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For some context, I'm trying to write a streaming tokenizer in Haskell and noticed that I was writing a lot of functions with the type signature String -> Maybe Int that attempted to consume "the longest possible token matching a particular pattern" from the input stream. The pattern might be something like a quoted string literal in JSON.

I tried using Parsec for a while to get a "prefix matcher", but I kept getting tripped up over what the appropriate userstate is supposed, and what the m argument in ParsecT means. Parsec is probably a strict superset of the functionality that this little library exposes.

A "Matcher" is anything with the type String -> Maybe Int. Matchers are supposed to be greedy and produce the longest prefix that they possibly can. There's also an unenforced property that, in cases where the match is a proper prefix of the input string, adding more characters to the end of a string doesn't extend the prefix. The library also encourages / permits users to write sloppy grammars (for instance using symOrExn) that fail in ugly ways.

I could use some helping figuring out how to generalize String -> Maybe Int. I don't know what class I should insist on for the input Eq a => [a] is the first thing that comes to mind, but it might be possible to make something more general than that. As for the output type maybe a type that's constrained to be a monoid or a group? I really just need a notion of zero and the ability to increment for the index. ... although it might also be possible to generalize the notion of a "prefix" to tree-like structures.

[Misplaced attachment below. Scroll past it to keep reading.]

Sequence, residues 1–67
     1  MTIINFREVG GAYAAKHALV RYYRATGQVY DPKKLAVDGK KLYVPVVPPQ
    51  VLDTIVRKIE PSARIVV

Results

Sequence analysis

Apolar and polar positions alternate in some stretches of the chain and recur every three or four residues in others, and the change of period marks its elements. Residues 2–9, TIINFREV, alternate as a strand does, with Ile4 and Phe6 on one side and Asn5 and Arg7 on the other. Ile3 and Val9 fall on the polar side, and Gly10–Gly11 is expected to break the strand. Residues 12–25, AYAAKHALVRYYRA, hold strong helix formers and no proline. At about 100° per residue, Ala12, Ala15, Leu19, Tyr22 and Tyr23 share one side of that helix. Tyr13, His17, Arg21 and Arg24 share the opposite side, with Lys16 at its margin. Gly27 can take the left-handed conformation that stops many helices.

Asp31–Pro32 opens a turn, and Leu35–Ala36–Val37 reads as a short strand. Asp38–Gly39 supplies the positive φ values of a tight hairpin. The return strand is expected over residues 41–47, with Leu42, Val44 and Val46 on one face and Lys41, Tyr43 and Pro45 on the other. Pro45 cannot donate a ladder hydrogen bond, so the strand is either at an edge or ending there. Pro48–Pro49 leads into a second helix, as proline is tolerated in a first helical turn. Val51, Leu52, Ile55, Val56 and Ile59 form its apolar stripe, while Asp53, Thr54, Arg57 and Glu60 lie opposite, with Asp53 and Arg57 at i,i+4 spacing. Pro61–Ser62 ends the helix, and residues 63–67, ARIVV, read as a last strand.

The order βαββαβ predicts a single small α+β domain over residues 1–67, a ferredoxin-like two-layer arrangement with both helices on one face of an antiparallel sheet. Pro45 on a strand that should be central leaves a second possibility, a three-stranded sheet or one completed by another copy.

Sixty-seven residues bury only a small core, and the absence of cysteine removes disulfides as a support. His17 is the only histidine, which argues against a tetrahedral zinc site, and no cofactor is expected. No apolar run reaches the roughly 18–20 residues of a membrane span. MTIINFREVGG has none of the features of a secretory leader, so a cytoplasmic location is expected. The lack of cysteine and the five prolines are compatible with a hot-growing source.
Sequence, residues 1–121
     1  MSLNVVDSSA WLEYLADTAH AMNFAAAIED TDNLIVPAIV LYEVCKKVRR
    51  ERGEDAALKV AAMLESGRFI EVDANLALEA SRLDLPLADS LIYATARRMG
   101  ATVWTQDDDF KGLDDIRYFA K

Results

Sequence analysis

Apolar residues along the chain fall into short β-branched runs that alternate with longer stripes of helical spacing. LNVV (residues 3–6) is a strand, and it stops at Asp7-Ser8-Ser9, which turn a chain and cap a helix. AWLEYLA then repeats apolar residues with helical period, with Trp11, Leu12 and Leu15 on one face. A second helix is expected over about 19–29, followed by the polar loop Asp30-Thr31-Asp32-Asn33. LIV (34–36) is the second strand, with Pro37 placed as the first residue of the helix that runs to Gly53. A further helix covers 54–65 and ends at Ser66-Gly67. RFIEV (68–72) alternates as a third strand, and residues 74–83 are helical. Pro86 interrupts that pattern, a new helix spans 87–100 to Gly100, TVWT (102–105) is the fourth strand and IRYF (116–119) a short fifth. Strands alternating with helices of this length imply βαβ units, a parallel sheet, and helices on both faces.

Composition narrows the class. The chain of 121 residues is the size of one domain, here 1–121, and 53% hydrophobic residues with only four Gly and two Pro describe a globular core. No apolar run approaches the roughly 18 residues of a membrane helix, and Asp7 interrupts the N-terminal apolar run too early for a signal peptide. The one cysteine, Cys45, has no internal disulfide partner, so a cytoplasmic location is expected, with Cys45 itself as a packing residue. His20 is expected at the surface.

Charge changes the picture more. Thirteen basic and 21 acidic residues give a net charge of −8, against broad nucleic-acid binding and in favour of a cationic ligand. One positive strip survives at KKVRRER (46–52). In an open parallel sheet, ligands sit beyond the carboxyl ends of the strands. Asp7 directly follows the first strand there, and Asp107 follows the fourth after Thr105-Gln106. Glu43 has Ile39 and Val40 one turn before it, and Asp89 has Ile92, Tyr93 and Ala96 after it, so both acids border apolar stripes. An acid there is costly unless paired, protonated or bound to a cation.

I'm hoping to structure this library eventually as a collection of really concrete implementations for a handful of commonly-used text-like types, as well as a generic implementation that can be used in other circumstances. Advice on how to generalize the library is much appreciated.

module Text.PrefixMatcher.String where
import Data.List

-- A simple non-generic prefix matching library
-- with a few simple combinators
--
-- a Matcher has type (String -> Maybe Int)
--
-- It takes a String and returns a number corresponding
-- to the length of the matched prefix.
--
-- The intended use case here is to provide a simple utility
-- to help in converting a string to a stream of tokens.
--
-- makeMatcher -- make a matcher for a constant string
-- 

type Matcher = String -> Maybe Int


identityMatcher :: Matcher
identityMatcher str = Just 0


makeMatcher :: String -> Matcher
makeMatcher spec str = case isPrefixOf spec str of
    True -> Just (length spec)
    False -> Nothing


andThen :: Matcher -> Matcher -> Matcher
andThen m1 m2 str = ltotal where
    l1 = m1 str
    ltotal = case l1 of
        Nothing -> Nothing